Why Do We Attend Church on Sunday When Saturday is the Sabbath?
What about the Sabbath?
The Sabbath is “Saturday”—it always has been; it always will be. Neither Jesus' death and resurrection, nor the Gospel of our salvation by faith through grace, nor the doctrine of the New Testament has changed that. However, since the beginning of the Church in the Book of Acts, Christians have had questions about the Sabbath Laws—it is an extension of the Law vs Grace issue. Let me first lay some foundation with the basic question of “the Law”. Then I will deal with the issue of the “original Sabbath”, the Christian response, and the Early Church’s celebration of the “first day of the week”.
The Dispensation of the Law
The Old Testament Law was meant to show mankind his need for a “Redeemer / Messiah”, a substitute that could perfectly fulfill God’s demands of Holiness. It was meant to show God’s righteousness—how good He is. Mankind, however, used it as a measure of their own righteousness—how good they could be.
Under the Law, God blessed those who followed His commands (recognizing their failures and offering the appropriate sacrifice), or who brought their required gifts in order to obtain blessing (dedications, tithes, offerings, and firstfruits). This was the pattern of the Old Testament. Men had to perform first, then God would bless. It was: Law—Works—Blessing.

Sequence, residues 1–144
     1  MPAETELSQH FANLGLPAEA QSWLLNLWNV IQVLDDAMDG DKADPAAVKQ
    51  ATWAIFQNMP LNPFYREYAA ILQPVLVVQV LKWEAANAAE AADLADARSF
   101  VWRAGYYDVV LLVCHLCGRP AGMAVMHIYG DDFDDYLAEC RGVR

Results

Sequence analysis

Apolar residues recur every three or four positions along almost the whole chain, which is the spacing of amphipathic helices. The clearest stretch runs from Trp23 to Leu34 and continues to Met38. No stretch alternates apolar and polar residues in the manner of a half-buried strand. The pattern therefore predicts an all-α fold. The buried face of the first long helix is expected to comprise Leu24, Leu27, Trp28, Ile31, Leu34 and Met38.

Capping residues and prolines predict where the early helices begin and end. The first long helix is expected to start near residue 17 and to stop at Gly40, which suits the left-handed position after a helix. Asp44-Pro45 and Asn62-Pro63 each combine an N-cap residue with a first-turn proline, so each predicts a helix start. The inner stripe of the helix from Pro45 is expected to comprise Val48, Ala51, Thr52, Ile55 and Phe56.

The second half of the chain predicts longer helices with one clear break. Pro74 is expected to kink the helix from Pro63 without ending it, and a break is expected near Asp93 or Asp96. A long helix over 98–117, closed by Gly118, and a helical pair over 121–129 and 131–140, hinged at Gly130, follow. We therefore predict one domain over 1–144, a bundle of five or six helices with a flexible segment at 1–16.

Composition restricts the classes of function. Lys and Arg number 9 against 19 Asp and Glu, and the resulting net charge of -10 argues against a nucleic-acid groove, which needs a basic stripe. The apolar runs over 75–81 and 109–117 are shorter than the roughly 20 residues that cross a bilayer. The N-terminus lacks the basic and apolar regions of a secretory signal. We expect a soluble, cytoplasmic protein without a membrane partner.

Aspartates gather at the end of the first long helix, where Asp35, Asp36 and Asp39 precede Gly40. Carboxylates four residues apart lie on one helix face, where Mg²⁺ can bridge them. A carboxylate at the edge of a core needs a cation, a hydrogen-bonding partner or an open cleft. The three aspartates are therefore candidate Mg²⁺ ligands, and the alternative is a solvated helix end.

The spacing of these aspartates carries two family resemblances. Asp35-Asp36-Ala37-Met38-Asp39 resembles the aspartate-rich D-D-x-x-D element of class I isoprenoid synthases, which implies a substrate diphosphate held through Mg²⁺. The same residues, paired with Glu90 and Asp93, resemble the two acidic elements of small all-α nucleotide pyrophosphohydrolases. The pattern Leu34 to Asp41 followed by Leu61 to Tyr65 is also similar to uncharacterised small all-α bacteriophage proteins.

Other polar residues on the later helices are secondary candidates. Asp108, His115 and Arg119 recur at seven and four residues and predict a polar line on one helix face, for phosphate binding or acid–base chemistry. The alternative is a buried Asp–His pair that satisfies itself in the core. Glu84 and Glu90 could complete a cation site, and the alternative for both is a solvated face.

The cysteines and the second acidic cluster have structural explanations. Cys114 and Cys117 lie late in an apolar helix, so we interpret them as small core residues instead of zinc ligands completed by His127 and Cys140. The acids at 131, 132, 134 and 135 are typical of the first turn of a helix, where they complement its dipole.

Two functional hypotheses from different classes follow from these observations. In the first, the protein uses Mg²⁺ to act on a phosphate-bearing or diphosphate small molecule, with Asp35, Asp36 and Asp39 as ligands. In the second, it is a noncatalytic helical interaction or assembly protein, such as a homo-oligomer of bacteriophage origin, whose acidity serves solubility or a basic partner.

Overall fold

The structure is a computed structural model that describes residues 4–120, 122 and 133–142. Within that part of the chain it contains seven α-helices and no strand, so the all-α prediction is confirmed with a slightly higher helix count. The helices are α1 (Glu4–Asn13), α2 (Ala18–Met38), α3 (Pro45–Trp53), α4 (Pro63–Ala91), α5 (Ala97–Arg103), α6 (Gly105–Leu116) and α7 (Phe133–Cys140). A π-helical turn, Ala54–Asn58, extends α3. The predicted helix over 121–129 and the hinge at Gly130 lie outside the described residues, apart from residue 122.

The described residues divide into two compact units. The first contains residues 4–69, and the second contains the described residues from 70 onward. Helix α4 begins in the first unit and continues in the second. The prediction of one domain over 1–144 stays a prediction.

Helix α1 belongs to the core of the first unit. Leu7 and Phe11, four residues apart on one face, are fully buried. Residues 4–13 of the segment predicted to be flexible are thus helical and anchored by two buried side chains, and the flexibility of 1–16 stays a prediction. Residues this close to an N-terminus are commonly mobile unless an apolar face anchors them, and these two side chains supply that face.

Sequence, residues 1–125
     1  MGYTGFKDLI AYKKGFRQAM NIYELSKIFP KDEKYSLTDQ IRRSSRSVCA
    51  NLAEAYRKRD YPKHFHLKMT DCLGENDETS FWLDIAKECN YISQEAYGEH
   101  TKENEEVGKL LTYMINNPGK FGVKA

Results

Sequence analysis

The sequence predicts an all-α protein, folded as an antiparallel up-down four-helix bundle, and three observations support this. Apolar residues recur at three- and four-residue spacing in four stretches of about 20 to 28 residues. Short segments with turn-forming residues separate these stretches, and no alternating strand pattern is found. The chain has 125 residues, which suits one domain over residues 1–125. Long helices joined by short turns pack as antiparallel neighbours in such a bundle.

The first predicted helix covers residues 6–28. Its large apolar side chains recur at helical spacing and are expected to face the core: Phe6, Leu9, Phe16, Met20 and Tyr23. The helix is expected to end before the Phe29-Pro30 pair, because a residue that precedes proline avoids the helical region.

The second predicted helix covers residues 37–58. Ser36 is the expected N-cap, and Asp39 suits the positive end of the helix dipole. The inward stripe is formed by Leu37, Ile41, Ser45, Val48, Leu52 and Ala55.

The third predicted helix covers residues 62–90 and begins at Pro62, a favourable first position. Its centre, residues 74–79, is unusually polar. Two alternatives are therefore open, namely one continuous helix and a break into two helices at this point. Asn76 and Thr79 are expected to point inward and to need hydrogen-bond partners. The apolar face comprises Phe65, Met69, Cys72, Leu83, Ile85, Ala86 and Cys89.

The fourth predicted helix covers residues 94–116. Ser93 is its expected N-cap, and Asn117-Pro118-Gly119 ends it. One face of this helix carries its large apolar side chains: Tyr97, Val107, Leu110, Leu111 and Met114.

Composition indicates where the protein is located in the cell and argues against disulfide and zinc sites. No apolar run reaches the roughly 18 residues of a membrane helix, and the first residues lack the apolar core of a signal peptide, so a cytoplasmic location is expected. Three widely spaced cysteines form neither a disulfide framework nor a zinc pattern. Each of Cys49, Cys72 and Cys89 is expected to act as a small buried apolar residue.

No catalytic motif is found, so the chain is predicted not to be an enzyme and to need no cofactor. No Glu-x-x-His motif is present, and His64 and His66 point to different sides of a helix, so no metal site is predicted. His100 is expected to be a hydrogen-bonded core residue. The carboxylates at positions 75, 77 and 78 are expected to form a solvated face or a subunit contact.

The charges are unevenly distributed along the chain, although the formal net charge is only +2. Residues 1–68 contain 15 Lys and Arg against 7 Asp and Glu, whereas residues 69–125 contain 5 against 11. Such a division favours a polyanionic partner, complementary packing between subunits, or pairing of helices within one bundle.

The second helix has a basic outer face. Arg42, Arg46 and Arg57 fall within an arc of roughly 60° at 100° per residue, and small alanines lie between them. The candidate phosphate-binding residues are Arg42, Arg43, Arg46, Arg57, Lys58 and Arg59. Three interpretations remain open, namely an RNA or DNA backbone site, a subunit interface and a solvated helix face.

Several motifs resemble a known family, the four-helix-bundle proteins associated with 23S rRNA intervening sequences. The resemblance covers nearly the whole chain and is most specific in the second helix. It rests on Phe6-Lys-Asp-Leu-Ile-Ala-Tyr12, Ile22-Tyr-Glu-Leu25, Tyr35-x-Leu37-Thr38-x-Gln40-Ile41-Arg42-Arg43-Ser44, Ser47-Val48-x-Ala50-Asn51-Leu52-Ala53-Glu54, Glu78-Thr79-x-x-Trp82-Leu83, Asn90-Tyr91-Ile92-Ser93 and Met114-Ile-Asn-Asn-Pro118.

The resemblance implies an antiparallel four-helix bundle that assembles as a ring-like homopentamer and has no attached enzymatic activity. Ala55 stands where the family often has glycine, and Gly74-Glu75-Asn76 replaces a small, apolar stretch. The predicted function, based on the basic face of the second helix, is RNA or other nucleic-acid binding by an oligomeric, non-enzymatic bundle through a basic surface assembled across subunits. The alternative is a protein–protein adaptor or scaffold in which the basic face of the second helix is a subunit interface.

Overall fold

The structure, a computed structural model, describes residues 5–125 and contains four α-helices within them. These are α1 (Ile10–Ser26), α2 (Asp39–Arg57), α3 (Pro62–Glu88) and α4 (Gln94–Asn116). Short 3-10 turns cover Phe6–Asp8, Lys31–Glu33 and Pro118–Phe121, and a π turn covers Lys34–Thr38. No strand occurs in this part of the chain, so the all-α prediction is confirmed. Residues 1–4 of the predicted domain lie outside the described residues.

The New Testament pattern is totally different. Jesus Christ has performed—perfectly. And, He has offered His perfect life as a substitution for our inability (Grace). Through the agency of faith, we accept His work on our behalf, and thereby receive the blessing of “right standing” with God. And, having received “Blessing from God” we work to declare His glory—not ours. The New Covenant is: Grace through Faith—Blessing—Work.